As a matter of terminology, with reference to the spatial decorrelation process, the “first coefficients” are the outputs from the first stages 606 (i.e. the values after horizontal decorrelation, as indicated by the single dashed labels (A′ to H′) in FIG. 6), and the “second coefficients” are the outputs from the second stages 608 (i.e. the values after horizontal and vertical decorrelation, as indicated by the double dashed labels (A″ to H″) in FIG. 6).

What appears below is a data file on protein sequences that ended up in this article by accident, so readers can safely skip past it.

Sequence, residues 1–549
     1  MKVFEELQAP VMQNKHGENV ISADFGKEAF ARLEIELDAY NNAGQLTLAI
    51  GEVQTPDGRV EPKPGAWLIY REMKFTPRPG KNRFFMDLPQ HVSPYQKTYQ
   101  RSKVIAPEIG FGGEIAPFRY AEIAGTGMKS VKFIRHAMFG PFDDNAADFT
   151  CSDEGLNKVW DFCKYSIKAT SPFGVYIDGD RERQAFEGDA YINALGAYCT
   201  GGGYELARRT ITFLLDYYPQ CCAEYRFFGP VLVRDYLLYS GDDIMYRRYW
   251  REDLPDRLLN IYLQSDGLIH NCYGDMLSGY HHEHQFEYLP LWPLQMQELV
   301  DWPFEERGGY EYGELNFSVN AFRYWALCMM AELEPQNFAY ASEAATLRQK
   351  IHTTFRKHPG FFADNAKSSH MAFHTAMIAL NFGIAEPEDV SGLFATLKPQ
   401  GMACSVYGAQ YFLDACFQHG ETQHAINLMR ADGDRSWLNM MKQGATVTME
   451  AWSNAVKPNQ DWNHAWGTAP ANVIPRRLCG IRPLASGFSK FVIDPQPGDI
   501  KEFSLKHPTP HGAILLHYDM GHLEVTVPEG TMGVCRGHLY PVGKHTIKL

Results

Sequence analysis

For each of the processing pipelines 604, the register 612 is configured to output up to two values at a time (e.g. per clock cycle) to the respective processing unit 614. On each iteration, the first coefficients received from the first stage 606 of the corresponding processing pipeline 604 are passed to the respective processing unit 614 and the registers 612 are configured to output zero, one or two of the first coefficients stored in the registers 612 to the respective processing unit 614. In step S912, each of the processing units 614 determines a second coefficient to represent a respective one of the data values from the row being processed. The second coefficients are spatially decorrelated values representing the data values of the block and are output from the spatial decorrelation module 204. For the first row of data values of a block, the second coefficients are determined based solely on the first coefficients received for the data values of that row. The first coefficients for the data values of the first row are stored in the registers 612 such that, for a subsequent row of data values from the block, the second coefficients are determined based on the stored first coefficients and the first coefficients for the subsequent row. For example, for all of the rows of data values except the first row of a block, the second coefficients for a row of data values are determined based on: (i) the corresponding first coefficients for the row received at the second stages 608, and (ii) at least one of the first coefficients for a respective at least one other row stored in the respective registers 612.